Background Briefing

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The Performance of the Electoral Commission

In Uganda, the head of state has exclusive authority to choose and appoint electoral commissioners.  This contrasts unfavorably to the electoral commissions in southern Africa, where in all states except Namibia political parties have a role in nominating or choosing candidates for the commission. 98  Nevertheless, the Ugandan Electoral Commission has so far conducted itself in an impartial manner.

The record of the previous Ugandan Electoral Commission and its subordinate bodies was not good during the 2001 presidential election.  A Supreme Court opinion found that “[t]here was evidence of cheating in a significant number of polling stations,” and that election officials were complicit.99

Since then, steps were taken by the government to reform the Electoral Commission and its operations.  In this effort the government received financial support of €5.3 million (U.S. $ 6.3 million) from donors through the Election Basket Fund managed by the Danish development agency DANIDA.100

The voter register has been significantly overhauled since the 2001 elections.  A new photographic register has been compiled with software to check double registration. Parish tribunals have been formed to check the local registers and remove the names of those who have died, moved away or are registered twice.  Party agents are supposed to nominate agents to witness the work of the tribunals, but in many cases they have not done so, according to the Electoral Commission.101

The Electoral Commission’s main public test of its independence so far was the decision to allow Dr. Besigye to be nominated as a presidential candidate while he was in pre-trial detention in Luzira Prison.  As noted above, the Attorney General contended that Besigye’s nomination would be “tainted with illegalities,”102 but the commission adhered to the law which stated that only persons convicted of certain crimes can be barred from nomination, and not persons who have only been accused.103 It was widely applauded in the Ugandan media and beyond for its decision.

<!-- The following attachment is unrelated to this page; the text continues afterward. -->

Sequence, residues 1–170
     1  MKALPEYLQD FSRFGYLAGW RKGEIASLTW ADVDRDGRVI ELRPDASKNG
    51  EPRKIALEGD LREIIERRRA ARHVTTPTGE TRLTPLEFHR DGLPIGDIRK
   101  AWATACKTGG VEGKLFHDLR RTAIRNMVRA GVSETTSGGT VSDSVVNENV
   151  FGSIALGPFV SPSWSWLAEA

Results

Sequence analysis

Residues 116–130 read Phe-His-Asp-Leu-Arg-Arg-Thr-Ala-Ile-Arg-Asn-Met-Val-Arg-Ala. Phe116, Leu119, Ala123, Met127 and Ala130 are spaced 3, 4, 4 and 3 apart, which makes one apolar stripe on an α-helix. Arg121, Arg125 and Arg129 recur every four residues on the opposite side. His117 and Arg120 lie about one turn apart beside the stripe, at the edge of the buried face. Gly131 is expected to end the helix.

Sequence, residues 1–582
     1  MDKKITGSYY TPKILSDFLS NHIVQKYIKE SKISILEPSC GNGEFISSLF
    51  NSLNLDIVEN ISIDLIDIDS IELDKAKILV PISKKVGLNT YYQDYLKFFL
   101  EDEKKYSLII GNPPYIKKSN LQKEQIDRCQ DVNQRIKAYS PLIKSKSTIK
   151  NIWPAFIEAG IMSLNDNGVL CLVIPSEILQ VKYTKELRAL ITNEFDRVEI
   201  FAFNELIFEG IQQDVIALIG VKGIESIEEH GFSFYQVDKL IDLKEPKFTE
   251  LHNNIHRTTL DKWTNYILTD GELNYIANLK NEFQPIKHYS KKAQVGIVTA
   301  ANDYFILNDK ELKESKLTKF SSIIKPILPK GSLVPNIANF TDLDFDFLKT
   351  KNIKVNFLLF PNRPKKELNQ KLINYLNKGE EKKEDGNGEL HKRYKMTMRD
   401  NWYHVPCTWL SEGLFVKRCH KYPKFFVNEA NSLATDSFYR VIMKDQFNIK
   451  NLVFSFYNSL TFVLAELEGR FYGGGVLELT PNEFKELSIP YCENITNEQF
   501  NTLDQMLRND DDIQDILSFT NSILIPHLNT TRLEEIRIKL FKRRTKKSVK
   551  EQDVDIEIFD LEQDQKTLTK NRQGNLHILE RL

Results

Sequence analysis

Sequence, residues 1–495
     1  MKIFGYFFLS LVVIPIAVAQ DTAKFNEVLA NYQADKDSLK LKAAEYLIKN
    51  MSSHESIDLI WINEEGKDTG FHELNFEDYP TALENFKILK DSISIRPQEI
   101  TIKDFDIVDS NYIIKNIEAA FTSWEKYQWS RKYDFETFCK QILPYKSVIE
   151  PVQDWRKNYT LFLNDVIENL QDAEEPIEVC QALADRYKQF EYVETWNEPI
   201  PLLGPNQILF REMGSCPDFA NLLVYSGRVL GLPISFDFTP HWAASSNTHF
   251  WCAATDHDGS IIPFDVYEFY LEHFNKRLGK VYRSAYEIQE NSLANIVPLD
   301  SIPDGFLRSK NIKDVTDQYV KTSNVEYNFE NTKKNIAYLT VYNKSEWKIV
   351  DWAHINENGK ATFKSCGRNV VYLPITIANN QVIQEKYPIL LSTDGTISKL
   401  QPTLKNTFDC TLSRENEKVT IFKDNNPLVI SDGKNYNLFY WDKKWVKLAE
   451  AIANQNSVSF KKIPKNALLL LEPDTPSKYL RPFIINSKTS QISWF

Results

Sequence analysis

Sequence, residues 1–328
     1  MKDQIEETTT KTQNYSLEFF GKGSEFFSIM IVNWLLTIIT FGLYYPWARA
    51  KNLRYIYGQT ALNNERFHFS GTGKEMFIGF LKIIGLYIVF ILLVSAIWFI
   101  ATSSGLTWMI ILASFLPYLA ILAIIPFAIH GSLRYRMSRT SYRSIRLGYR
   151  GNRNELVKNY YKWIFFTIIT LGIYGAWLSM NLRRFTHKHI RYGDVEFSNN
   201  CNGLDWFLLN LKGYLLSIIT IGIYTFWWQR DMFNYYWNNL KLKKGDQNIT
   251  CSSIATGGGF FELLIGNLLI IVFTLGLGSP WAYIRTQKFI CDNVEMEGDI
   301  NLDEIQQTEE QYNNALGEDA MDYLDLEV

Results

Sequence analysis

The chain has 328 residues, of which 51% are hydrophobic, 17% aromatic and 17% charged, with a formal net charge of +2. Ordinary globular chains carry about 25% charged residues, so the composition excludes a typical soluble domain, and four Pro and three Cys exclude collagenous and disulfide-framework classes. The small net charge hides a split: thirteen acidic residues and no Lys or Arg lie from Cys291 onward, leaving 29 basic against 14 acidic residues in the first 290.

The Commission’s independence is being tested again, in the recruitment of presiding officers and polling officials. DEM Group is concerned that some of those being appointed are known NRM sympathizers.104 DEM Group released a statement urging that “the Electoral Commission should ensure that all proposed presiding officers who have expressed their party affiliation should not be recruited.”105

Not Enough Time to Prepare

Human Rights Watch encountered complaints from voters, opposition parties and NGOs in all of the districts visited about the disorganised, haphazard and at times unprofessional work of the Electoral Commission.  Its independence is so far commendable, together with its decisions to use transparent ballot boxes, and to extend the period of time for the display of the registers. But the Electoral Commission was unable to start its preparations until November 21, 2005, after Parliament had passed the relevant laws.  The extremely tight timeframe is undermining much of the commission’s good work as it rushes to meet deadlines. Commission chairman Prof. Badru Kiggundu rightly noted, “When the enactment of laws is delayed, the smooth planning of the electoral process is hampered leading to poor management of the process, hence insecurity.”106


Voter education, a responsibility of the Electoral Commission, was lagging badly at the time of Human Rights Watch’s visit to Uganda, with less than a month to go before polling day.  The Uganda Joint Churches Council, which is carrying out its own voter education in some districts, said, “Voter education is not reaching enough people.”107 The Electoral Commission admits the shortcomings but claims it is powerless to do any more at this stage.108  The effect of the lack of voter education became apparent in a poll conducted by the International Republican Institute, published on February 10, which revealed that 47 percent of Ugandans don’t know the date of the Presidential polls, and 79 percent believe that a voter’s card is necessary for voting.109

Voter Registers Not Displayed

The most serious concern is that the voter registers have not effectively been displayed across the country.110  The Electoral Commission acknowledges the problem. It explained to Human Rights Watch that since it had no display boards it was unable to confirm whether the registers had actually been “displayed” at all.111